Murray Allen: 5.1 Coordinator, Grammy Sound Designer
Michael Abbott: Database Asset Manager
John Cossette: Supervising Producer
Gregory Coppa: CBS Director, Engineering and Advanced Technology
Dave Crivelli: Audio Director, All Mobile Video
Randy Ezratti: 5.1 Mixer
Bruce Goldfedder: MSG Director of Field Operations
Rocky Graham: Dolby Broadcast Applications EngineerWest Coast
Ed Greene: Broadcast Production Mixer
John Harris: Music Mixer
Ken Hunold: Dolby Broadcast Applications EngineerNew York
Hank Neuberger: Broadcast Music Supervisor
Phil Ramone: Broadcast Total Audio Supervisor
Robert Seidel: CBS Vice President, Engineering and Advanced Technology
Jay Vicari: Music Mixer
Don Worsham: Playback Engineer
ACT ONE The Decision
The Grammy Organization has been discussing the possibility of broadcasting the show in 5.1 for sometime. When we discovered that the Oscars were broadcasting in 5.1 this year we decided to beat them to the punch. CBS agreed.
Now that we made this decision, we had to explore all the obstacles to be overcome. The first problem has to do with the fact that every conversion of a digital signal has a latency factor. This is true with both the high-def picture and the 5.1 audio, which differ as to latency. To truly understand the depth of this problem, let me take you through the broadcast path. Remember both the standard broadcast and the HD broadcast must be in perfect sync.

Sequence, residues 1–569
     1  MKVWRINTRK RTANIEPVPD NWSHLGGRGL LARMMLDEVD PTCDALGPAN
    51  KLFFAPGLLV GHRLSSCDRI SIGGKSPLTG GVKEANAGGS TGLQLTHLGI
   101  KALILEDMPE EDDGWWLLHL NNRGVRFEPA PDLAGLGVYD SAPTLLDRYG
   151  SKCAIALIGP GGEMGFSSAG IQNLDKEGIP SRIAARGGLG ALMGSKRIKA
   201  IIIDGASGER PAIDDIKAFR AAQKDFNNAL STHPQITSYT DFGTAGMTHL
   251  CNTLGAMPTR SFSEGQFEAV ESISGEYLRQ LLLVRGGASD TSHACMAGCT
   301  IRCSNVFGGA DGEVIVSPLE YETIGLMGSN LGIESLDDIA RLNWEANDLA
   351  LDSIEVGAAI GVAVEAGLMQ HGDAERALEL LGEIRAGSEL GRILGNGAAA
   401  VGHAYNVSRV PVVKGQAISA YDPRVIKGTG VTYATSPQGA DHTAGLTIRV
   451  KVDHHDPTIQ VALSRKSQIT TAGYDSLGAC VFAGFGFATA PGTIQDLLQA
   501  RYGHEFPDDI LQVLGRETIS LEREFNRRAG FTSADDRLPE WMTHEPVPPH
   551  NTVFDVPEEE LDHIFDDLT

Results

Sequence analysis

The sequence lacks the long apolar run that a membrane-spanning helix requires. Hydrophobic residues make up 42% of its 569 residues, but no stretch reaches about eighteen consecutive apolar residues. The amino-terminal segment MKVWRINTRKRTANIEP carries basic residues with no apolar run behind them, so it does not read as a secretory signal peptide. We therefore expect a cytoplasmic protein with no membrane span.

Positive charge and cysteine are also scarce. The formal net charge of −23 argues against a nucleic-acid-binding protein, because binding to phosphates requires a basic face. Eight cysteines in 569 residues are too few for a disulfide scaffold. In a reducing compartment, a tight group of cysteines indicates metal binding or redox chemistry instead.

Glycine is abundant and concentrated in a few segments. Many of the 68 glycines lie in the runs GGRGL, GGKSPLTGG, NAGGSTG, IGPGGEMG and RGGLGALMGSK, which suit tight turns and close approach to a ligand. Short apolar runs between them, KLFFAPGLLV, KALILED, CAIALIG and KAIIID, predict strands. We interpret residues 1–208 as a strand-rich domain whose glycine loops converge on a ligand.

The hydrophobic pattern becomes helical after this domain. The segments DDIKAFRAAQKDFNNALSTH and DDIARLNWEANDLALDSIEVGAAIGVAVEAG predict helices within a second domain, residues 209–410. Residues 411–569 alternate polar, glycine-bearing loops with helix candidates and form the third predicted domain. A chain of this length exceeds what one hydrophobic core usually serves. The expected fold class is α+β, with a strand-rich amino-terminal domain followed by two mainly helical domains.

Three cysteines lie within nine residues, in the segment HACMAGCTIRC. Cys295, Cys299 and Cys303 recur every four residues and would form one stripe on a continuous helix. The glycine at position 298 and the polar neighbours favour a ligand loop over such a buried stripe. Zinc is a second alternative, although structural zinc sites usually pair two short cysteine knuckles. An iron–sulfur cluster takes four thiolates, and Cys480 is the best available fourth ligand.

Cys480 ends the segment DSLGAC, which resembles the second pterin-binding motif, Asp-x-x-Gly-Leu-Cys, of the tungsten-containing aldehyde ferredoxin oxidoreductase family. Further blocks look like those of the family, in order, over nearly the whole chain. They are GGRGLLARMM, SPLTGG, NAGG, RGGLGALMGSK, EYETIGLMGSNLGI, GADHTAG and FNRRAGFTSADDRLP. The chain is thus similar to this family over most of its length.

Once the audio leaves the 5.1 mixing truck it travels via three AES3 lines to Resolution (the main video truck). Next, the signal, along with the standard broadcast production mix, is sent to the Dolby truck where these audio signals are encoded with Dolby E. These compressed signals are sent through a coaxial cable to the fourth floor of Madison Square Garden. These Dolby E-encoded signals, along with the high-def picture, are sent via fiber and satellite to CBS. Once at CBS the Dolby E signals are converted to PCM audio. As they travel through the CBS plant, the commercials are inserted. As they leave the CBS plant on the way to the transmitters, they will be encoded once again into Dolby E. When the local station receives this program they will decode the Dolby E signal and encode it into AC-3 for local transmission. All along the way there will be compensations made to both picture and audio to maintain sync.
ACT TWO Implementation
The entire production team met in New York at Madison Square Garden during the week of January 6, 2003. At these meetings we discussed the previously mentioned signal path and the necessary steps to maintain sync. I also spent a day at CBS. The CBS engineers explained the path through their plant. They also demonstrated the test they use to maintain perfect sync. Their test scopes will drill down to one millisecond as to sync with picture. At this time we discussed the importance of running a test all the way from the camera, through our trucks, through MSG and CBS to the local stations.
CBS has the ability to do the last part of this test in their lab. We had to do the camera part (using a lip-sync device) through our many trucks to CBS.
Later, on January 21, we had a conference call between all the technical people. At this time we discussed the number of trucks needed. We also decided on what HD video machines were necessary. We decided to use a Panasonic D5 as our main machine. The reason for this has to do with its superior picture quality, the fact that it can record eight tracks of discrete audio, and the CBS test tape is made for this machine. We also decided to use the Sony HD recorder for backup. This recorder has only four tracks for audio. We would record the standard Lt/Rt on tracks 1 and 2. On tracks 3 and 4 we would record a redundant Dolby E signal.